The Historic Centre of Agadez comprises an original mudbrick urban landscape that developed when the Sultanate of Aïr started a process of sedentarisation.
Agadez was an important centre in the trans-Saharan caravan trade from the 15th century onward. The town was built based on the structure of existing Tuareg encampments. Notable buildings, next to many traditional houses, include the Palace of the Sultan of Aïr, the Grand Mosque including its 27 metre tall minaret (the world’s tallest minaret made entirely of mudbrick), and Hotel de l’Aïr, originally a palace.
Community Perspective: the common thread here is overcoming the non-stop red travel warnings that have been in place for this Tuareg stronghold since 2007. Thomas managed to reach it by bus in 2011, while Wojciech did so by domestic flight in 2019: “It is really authentic and gives an impression of how Saharan cities looked like a couple of hundred years ago”.
Map of AgadezLoad map
There are not many big cities in Sahara, so Agadez was always outstanding - it is located on the crossroads of trade routes North-South and East-West of the desert. Agadez was (and still is) treated by Tuaregs as their capital. Its tourist attractivity increased in the 1980s, with the increase of popularity of the Paris-Dakar Rally. Even at the beginning of the 21st century, every self-respecting globetrotter exploring West Africa stopped at Agadez, visiting nearby Tenere National Park and the Air Mountains. Air France maintained regular scheduled flights from French cities, and hotels and tourism experienced real desert in the city. Then, however, much worse times came to the region.
In 2007, another Tuareg rebellion broke out in the region, destabilizing the province and bringing several hundred deaths. Although in 2009 peace was established (with Gaddafi acting as a mediator), but soon after that Al-Qaeda and Boko Haram messed up and the situation in neighboring Mauritania, Libya and Tchad suffered a drastic deterioration. It was better in Niger itself, but it was also dangerous to go beyond Niamey and the south of the country. Tourists left Agadez for a long time.
At the moment, Western governments still issue red travel warnings to the whole Agadez region. But it turned out that Niger Airlines have regular flights from Niamey to Agadez so it could not be that dangerous and we decided to go. Ticket Niamey - Agadez and Agadez - Zinder costs approximately 330 euros per person (cannot be bought online yet so Nigerien fixer recommeded). In Agadez, we were expecting rather basic conditions but we stayed at Auberge d'Azel hotel, run by a French-Nigerien couple. The hotel turned out to be a nice surprise, with great kitchen, large rooms and well-functioning wifi. All at decent prices - I paid around 50 euros per night.
An absolute gem was Agadez himself. The city itself, in the opinion of all the locals (confirmed by us), is very safe, hence we could easily walk the streets and observe local life.The historical center of Agadez got WHS status as the buildings with clay and dried bricks remained intact for centuries. The center is really very nice, many buildings are thoroughly restored with help of Western European countries. The number one attraction is the central mosque with highest in the world minaret made of clay and dried brick. You can enter the minaret, but the staircase is really narrow. It is worth the effort, because you can admire the best panoramic view of Agadez from above.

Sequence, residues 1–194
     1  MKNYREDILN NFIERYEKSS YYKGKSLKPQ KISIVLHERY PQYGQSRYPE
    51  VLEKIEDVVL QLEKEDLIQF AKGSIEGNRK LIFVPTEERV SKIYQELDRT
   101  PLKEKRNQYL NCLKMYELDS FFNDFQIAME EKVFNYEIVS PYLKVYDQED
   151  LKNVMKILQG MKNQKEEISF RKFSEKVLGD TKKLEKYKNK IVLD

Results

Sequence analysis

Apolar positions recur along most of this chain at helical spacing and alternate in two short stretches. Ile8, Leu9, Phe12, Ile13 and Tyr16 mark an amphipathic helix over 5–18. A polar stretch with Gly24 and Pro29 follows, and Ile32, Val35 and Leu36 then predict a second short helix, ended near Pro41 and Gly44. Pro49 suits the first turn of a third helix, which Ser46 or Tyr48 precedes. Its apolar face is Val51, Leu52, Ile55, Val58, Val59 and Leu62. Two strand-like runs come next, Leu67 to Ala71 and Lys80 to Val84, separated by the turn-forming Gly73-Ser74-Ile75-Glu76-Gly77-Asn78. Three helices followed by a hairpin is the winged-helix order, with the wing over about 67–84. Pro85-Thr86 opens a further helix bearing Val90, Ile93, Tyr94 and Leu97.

Near the mosque, you can buy legal and not very legal souvenirs - for example, dinosaur teeth, which are found in the area (by the way, some sites of dinosaurs in Agadez region are TWHS).
My impression of Agadez was really good, especially because we were surrounded by friendly and smiling people. The city is really authentic and gives impression how Saharan cities looked like a couple of hundred years ago.
My dream was to visit the Air and Tenere WHS, but the border requires at least 6 hours driving one way and is really not that safe (we had to hire local police even if we went outside Agadez for 20 kilometers). For now Air and Tenere becomes one of the hardest to reach WHS in the world.
Agadez has been on my African agenda for a very long time, and it was only in autumn 2011 that I made my way to this remote Tuareg outpost in Niger's northern Air region.There were travel warnings in place by almost all western governments, and direct flights to Agadez have all been cancelled.The only practical way to reach the Sahel town was the early morning bus that leaves the Niger's capital Niamey at 4.30h. A sunrise to sunset expedition that usually takes 12 long hours.
As we reached the outskirts of Agadez, there was a police checkup, my passport was taken away, and I got the message to show up at the Police Headquarters the next day for interview!but no problem, I was just advised not to leave
town for some Sahel adventure without informing the Police headquarters!
The old town of Agadez is manageable in just one day by foot and the main attractions like the Grand Mosque, originally built 1515,rebuild in 1844, then the Sultans Palace, yes there is still a real Sultan residing here, and sometimes he even gives audience to tourists and visitors!
The real charm of Agadez is to just wander around in its narrow sandy alleys, climb the old houses, the best view that can be enjoyed is from the roof terrace of a restaurant just opposite the Grand Mosque.
Also worth a visit is the old bakery, la Maison du boulanger, its a perfect place to get a first hand impression how daily life must have been in the old days!
I also visited the camel market, a little outside of town, but with excellent photo opportunities.
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